Copied Matthias Pliessnig, Drift, 2011, white oak and bamboo, 289635 in. (71.1243.888.9 cm), Smithsonian American Art Museum, Gift of the James Renwick Alliance and museum purchase through the Richard T. Evans Fund, 2011.32, © 2011, Matthias Pliessnig

Artwork Details

Not on view
289635 in. (71.1243.888.9 cm)
© 2011, Matthias Pliessnig
Credit Line
Gift of the James Renwick Alliance and museum purchase through the Richard T. Evans Fund
Mediums Description
white oak and bamboo
Object Number

Artwork Description

Matthias Pliessnig's extraordinary amorphous furniture has its unlikely roots in the history of wooden boat-building. While studying at the University of Wisconsin–Madison, Pliessnig, fellow student Benjamin Wooten, and professor Tom Loeser embarked on a project to each build a simple skiff for use on the town's surrounding lakes. Muddling through the basics of marine design required learning to steam-bend wood, an ancient technique that effectively boils the resin inside wood, rendering the stock malleable. Use of steam-bending is evident in the shape of boat hulls across the globe but has only influenced furniture design sporadically, including the eighteenth-century development of the Windsor chair and the nineteenth-century catalogue of the Austrian firm Gebrüder Thonet.

Pliessnig's epiphany was the realization that a boat's skeleton—the "stations" running from port to starboard, and "stringers" running from bow to stern—could be adapted for seating by flipping the form upside down and contouring it to the body. His experimentation with this design process since 2006 has produced a rapidly evolving series of furniture, each piece more technically ambitious than the last. Drift is the most recent work in this series.

The steam-bending process is unusual enough in contemporary furniture to merit further description. Strips of wood are first air-dried, then soaked in water for several hours before being placed in a steam box. Wood is both saturated with water and heated, rendering the resin inside pliable and the wood extremely malleable. When the wood is removed it must be bent into position and clamped into place within thirty seconds, after which it will cool, regaining rigidity. During this finite window the wood fibers will slip around each other to meet the stock's new form, allowing the wood to maintain its original strength (as opposed to sawn wood, in which the fibers are cut and weakened). After remaining clamped in position for six to eight hours the wood will maintain its new shape permanently.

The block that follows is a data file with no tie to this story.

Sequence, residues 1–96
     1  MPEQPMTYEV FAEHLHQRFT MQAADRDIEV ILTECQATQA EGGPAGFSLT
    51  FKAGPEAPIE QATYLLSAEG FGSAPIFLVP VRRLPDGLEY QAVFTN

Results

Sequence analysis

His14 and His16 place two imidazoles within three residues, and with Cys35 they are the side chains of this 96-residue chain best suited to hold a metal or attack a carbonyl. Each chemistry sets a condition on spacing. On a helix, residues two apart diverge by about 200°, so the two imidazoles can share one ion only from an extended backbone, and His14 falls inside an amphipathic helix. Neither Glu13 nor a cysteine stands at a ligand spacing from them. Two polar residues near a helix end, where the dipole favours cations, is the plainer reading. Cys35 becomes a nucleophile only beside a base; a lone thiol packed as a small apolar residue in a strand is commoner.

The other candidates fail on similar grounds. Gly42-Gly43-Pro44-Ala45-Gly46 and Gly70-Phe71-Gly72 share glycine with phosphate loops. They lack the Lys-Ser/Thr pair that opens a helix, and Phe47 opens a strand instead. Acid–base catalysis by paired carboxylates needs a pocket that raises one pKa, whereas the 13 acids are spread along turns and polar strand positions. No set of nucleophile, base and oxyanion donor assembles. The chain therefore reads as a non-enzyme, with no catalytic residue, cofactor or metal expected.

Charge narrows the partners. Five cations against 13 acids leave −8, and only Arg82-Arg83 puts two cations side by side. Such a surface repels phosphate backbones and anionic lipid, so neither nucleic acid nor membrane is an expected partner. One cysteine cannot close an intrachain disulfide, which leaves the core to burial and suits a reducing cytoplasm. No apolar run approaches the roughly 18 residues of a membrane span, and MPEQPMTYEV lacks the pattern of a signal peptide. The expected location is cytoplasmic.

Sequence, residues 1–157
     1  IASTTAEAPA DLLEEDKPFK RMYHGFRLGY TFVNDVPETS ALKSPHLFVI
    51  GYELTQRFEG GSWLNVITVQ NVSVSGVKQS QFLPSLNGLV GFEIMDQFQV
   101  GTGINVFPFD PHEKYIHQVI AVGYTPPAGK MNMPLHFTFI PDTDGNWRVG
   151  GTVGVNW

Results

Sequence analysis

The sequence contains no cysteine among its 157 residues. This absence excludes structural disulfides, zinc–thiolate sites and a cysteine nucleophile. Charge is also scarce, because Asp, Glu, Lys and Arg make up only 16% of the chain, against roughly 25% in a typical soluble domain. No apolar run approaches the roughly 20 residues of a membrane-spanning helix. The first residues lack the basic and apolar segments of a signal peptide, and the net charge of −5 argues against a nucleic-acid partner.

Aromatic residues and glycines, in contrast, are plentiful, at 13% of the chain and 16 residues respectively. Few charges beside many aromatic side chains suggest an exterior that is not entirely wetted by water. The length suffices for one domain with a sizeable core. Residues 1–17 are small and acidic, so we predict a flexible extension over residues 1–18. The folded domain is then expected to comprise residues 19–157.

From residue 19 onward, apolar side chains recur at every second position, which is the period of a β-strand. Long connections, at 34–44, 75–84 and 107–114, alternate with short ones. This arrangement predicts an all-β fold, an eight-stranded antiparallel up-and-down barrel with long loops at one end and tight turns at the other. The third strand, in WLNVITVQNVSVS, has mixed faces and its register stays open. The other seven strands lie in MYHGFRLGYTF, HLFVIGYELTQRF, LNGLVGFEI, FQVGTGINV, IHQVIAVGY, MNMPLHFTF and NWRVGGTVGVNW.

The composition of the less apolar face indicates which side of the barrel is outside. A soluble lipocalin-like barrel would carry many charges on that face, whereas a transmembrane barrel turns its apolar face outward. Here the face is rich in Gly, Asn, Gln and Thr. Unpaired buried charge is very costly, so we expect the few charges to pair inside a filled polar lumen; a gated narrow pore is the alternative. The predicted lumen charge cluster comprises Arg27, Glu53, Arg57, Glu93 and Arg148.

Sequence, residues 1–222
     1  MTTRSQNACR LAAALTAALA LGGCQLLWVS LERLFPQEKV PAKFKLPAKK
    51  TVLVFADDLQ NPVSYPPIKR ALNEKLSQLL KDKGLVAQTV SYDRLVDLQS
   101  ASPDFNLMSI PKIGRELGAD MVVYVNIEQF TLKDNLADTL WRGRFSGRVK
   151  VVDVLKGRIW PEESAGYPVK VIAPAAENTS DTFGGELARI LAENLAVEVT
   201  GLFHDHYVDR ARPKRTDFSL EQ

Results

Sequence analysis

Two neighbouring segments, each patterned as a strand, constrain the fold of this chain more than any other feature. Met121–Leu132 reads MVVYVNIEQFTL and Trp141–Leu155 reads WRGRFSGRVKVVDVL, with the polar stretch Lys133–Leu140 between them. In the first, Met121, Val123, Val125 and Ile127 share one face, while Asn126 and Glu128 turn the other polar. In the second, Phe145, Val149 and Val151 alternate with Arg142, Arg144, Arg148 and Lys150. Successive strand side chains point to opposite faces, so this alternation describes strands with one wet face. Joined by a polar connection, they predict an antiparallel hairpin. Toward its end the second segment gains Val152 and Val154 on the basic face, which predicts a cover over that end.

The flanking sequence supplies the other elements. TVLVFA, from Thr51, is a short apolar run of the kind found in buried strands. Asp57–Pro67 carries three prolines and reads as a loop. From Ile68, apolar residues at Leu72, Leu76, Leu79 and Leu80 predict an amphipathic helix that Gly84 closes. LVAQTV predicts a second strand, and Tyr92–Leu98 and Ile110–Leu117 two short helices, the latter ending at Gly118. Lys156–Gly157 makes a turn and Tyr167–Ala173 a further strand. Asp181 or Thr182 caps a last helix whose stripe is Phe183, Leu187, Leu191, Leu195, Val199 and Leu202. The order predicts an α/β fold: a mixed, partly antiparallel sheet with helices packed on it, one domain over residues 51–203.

The pace of this work necessitated by this process is frenetic, but it is not improvisational. Pliessnig designs his pieces using Rhinoceros 3-D software before attempting to recreate the designs in wood. Because the program cannot account for the limitations of organic materials, the transition from screen to object can be enormously challenging. Pliessnig has stated that Drift includes his most difficult bends to date. This also is only the third piece to include pegged joints, the others being Rivulet (with bamboo) and Amada (with birch), both in private collections. Although the pegs appear to offer structural reinforcement, the sheer number of points of contact in Pliessnig's work (approximately 7000 in Drift) makes it incredibly strong, and the pegs serve more as a labor-intensive embellishment.

Smithsonian American Art Museum, 2011


Media - 2016.11 - SAAM-2016.11_6 - 124929
Connections: Contemporary Craft at the Renwick Gallery
November 13, 2015March 6, 2022
Connections is the Renwick Gallery’s dynamic ongoing permanent collection presentation, featuring more than 80 objects celebrating craft as a discipline and an approach to living differently in the modern world.